This result was reflected in the top priorities CIOs are being set by the CEO, a list that was again led by completing a major enterprise project this year, followed by simplifying IT.
In addition, there’s a higher percentage of change management facilitation being undertaken by CIOs, with half of all CIOs currently involved in these activities (49 percent).
All of these figures point to the fact that CIOs and their CEOs know it’s time to put the hard yards in and get the right IT platforms and processes in place for future competitive advantage and differentiation.
Many CIOs also expect their current focus on managing IT crises will have decreased over the next few years. While 28 percent see this as part of their focus today, only 10 percent expect it to be so in the future. While there’s certainly a bit of wishful thinking in these responses, what the result also suggests is that the shift to cloud services could see such potential headaches either placed into third-party hands, or removed altogether.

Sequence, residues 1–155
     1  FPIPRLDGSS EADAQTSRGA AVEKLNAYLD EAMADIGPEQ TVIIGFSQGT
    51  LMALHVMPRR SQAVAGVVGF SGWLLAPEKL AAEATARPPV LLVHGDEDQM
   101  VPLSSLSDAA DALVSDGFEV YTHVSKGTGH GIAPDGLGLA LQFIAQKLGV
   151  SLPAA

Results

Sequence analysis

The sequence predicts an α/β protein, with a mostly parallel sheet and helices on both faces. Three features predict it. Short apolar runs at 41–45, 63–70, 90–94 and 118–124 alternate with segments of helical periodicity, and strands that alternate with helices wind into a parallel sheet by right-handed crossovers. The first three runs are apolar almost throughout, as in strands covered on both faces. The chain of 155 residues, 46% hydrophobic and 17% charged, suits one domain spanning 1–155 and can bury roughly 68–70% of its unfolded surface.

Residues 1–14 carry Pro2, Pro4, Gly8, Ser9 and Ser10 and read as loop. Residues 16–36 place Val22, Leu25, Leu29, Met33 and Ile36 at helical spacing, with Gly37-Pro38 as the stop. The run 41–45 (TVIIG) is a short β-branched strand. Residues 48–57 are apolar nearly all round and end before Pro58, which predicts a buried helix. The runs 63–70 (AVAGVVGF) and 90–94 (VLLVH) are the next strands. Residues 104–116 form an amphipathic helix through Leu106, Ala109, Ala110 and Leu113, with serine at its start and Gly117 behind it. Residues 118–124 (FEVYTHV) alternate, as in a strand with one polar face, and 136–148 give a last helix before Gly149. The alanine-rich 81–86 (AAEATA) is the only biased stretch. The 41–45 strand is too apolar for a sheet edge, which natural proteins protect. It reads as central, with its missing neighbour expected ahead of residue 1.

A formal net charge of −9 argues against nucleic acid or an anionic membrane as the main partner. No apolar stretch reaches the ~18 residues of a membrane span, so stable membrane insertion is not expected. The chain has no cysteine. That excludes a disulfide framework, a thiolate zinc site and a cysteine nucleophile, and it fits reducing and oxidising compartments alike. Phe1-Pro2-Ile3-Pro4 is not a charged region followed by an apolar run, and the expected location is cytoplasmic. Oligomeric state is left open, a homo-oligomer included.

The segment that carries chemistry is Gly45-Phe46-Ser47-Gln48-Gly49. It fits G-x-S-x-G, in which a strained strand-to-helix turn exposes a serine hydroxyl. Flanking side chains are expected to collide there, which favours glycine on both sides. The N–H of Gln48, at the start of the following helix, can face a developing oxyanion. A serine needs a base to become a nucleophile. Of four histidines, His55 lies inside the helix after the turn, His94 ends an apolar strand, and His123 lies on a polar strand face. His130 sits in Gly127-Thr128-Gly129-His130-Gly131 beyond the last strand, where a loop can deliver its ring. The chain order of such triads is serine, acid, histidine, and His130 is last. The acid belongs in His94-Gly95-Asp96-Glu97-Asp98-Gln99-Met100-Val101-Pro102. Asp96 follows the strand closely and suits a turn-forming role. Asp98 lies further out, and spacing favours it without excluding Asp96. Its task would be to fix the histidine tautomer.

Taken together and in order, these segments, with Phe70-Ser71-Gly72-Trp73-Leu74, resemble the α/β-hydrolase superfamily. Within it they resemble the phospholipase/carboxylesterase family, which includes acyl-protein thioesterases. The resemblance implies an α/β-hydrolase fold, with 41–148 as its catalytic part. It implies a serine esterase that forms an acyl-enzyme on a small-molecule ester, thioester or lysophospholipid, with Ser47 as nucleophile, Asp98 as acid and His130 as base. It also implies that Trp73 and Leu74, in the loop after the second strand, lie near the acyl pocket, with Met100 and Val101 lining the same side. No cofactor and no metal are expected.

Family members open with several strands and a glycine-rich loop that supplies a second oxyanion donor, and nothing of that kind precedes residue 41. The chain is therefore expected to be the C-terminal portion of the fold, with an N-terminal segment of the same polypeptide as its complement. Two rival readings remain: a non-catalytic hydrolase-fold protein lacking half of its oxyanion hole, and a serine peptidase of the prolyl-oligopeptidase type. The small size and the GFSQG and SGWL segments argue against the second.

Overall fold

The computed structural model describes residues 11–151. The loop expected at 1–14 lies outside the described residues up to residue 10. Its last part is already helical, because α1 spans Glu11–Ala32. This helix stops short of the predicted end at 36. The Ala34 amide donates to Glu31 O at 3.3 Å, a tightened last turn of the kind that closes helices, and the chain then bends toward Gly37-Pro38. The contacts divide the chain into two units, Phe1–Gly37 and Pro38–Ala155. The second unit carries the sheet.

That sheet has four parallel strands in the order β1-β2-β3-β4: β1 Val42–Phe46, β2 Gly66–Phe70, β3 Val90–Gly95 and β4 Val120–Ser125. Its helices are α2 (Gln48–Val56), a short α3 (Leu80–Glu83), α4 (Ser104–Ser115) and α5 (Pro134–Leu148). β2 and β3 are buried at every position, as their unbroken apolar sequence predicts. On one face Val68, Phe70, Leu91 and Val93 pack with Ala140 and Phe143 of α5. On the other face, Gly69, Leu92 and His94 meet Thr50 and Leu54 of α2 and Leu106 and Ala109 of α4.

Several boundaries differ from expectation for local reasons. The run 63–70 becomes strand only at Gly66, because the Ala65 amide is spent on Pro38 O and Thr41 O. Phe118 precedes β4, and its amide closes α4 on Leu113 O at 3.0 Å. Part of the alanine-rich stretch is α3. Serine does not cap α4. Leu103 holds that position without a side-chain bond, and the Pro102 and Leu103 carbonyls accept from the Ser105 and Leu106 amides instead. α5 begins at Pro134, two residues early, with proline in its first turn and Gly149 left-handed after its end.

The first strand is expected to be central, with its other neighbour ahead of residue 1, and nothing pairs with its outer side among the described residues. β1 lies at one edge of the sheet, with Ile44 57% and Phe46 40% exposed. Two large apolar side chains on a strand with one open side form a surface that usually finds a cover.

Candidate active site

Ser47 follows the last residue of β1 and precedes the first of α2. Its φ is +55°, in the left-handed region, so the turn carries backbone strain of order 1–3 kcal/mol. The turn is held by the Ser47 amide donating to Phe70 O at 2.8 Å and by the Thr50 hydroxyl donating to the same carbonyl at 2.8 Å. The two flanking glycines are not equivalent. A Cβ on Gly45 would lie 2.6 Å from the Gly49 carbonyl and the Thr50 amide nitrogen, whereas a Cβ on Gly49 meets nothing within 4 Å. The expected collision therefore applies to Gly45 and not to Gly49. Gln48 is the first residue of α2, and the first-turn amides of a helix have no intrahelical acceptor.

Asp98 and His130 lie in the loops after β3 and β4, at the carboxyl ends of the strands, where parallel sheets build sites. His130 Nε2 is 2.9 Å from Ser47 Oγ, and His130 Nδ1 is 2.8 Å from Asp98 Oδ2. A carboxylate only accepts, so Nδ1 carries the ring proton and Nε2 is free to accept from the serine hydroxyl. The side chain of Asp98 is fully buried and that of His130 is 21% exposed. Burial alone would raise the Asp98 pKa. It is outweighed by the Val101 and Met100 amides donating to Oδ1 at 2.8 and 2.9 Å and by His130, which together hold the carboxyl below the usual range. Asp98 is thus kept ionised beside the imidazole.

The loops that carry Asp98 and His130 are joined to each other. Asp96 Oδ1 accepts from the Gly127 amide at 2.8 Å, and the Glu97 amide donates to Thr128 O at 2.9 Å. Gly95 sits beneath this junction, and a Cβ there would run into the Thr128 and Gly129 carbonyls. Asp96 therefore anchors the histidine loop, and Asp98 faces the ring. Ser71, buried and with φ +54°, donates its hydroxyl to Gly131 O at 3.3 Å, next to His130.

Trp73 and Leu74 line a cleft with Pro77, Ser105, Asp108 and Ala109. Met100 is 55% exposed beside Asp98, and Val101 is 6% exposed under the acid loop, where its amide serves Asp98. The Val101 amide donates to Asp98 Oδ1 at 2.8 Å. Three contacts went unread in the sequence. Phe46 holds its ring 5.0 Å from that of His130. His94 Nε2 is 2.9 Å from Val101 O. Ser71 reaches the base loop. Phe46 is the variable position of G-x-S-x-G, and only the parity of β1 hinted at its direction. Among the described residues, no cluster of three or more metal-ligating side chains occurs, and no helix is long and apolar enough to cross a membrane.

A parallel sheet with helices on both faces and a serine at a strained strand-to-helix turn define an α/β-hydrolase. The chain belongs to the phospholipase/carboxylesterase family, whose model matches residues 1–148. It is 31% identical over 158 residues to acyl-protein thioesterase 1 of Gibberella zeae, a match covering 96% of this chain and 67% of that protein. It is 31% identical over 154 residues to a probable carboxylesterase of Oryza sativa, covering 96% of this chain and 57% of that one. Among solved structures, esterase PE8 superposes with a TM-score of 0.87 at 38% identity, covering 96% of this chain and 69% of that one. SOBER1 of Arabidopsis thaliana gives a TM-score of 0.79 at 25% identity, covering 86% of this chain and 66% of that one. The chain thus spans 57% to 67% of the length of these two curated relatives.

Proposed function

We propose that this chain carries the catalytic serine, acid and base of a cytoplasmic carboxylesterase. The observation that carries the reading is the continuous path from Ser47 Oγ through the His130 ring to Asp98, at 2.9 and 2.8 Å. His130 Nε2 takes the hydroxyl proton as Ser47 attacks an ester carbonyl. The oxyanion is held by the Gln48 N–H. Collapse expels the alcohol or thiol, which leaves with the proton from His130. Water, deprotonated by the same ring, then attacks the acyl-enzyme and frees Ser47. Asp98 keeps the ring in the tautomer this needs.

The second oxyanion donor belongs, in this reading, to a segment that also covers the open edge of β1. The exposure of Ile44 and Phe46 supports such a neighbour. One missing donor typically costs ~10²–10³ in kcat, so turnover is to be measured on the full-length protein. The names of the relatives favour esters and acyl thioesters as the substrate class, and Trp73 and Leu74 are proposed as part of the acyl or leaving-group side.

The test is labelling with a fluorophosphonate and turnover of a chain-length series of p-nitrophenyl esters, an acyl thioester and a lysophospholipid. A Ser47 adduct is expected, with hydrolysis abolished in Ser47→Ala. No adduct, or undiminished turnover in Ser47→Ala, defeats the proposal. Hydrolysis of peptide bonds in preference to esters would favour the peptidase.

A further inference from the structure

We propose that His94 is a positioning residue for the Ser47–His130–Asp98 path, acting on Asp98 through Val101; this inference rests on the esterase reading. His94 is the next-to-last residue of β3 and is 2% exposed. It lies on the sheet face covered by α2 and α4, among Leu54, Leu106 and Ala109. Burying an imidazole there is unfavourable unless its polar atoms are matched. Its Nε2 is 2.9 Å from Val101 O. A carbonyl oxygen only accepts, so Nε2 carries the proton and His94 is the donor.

The emphasis in the next 3-5 years will be developing new go-to-market strategies and technologies (rising by 9 percent to the next 3-5 years), as well as identifying opportunities for competitive differentiation (up 12 percent in 35 years compared to currently).
Against this, what the State of the CIO report does consistently show year-on-year is there’s still a way to come before IT is holistically viewed as a value and growth driver for the business over cost. This year, 19 percent still say they’re perceived as a cost centre in the business, underappreciated, misunderstood or unfulfilled.
However, there has been a steady year-on-year decline in the number of CIOs who believe they are perceived as a cost. This year’s result was down 4 percent down on 2014, 5 percent on 2013 and 14 percent on 2011.
Let’s hope with all the work on innovation, this decreases again next year.
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